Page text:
Some versions of the dish call for the dumpling to then be boiled on its own for several hours, while others, particularly the versions without meat, can be added to the Acadian dish fricot (a savoury stew).
Because of the time it takes to prepare poutine râpée, it is generally regarded as a special occasion meal, especially popular during the holidays. White or brown sugar, maple syrup or fruit preserves may accompany the dish.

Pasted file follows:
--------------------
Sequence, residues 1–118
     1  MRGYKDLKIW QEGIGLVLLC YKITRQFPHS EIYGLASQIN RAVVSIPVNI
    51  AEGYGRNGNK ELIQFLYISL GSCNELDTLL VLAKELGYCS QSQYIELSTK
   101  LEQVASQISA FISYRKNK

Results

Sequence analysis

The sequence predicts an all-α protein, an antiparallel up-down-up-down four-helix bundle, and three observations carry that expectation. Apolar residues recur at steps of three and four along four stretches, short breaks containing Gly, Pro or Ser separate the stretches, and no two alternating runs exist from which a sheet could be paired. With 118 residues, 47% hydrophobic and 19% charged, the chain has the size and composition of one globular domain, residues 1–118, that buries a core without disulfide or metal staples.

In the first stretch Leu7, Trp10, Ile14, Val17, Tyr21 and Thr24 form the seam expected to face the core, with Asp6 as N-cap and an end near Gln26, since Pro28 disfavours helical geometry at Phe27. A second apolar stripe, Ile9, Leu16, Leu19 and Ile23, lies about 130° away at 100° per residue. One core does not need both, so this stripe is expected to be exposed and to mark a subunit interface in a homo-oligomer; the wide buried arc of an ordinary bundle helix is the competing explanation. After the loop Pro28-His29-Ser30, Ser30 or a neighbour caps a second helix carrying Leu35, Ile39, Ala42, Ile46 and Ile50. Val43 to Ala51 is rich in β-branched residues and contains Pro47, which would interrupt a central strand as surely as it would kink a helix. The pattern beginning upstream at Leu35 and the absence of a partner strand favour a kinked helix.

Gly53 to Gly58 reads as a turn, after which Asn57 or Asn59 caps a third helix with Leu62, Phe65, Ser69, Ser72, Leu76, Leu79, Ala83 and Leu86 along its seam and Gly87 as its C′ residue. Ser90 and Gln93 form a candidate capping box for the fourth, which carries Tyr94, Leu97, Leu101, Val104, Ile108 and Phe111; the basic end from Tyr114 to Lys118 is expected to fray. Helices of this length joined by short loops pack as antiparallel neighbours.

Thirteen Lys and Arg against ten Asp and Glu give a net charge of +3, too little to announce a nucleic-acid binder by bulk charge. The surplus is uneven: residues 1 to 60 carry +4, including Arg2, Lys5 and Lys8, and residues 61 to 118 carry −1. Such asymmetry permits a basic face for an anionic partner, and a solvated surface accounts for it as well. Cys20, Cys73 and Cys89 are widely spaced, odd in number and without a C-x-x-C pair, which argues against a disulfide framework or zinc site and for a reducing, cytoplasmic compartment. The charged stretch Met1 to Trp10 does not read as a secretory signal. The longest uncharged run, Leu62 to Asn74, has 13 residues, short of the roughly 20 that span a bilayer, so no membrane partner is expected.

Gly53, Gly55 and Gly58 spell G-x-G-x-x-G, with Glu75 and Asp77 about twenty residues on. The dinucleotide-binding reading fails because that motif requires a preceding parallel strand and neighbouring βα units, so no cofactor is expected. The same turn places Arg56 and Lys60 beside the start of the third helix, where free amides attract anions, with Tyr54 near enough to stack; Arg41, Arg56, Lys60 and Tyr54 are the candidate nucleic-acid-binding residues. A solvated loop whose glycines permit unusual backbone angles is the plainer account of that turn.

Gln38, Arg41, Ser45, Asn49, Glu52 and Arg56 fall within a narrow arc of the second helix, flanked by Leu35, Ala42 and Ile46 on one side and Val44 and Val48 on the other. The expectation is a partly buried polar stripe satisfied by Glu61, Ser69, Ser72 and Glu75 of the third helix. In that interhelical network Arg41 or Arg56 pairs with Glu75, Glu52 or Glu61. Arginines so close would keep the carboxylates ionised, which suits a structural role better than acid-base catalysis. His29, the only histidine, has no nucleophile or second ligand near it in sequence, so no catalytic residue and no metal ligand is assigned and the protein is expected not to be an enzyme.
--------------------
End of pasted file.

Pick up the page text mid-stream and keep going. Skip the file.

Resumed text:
The origin of the term poutine is unclear, but it might be a bastardisation of "pudding"; râpé, -e is French for "grated". Therefore, poutine râpée could be literally translated as "grated pudding".
- Acadian Heritage Portal (French) – Video and historical facts on the Acadian Poutine râpée
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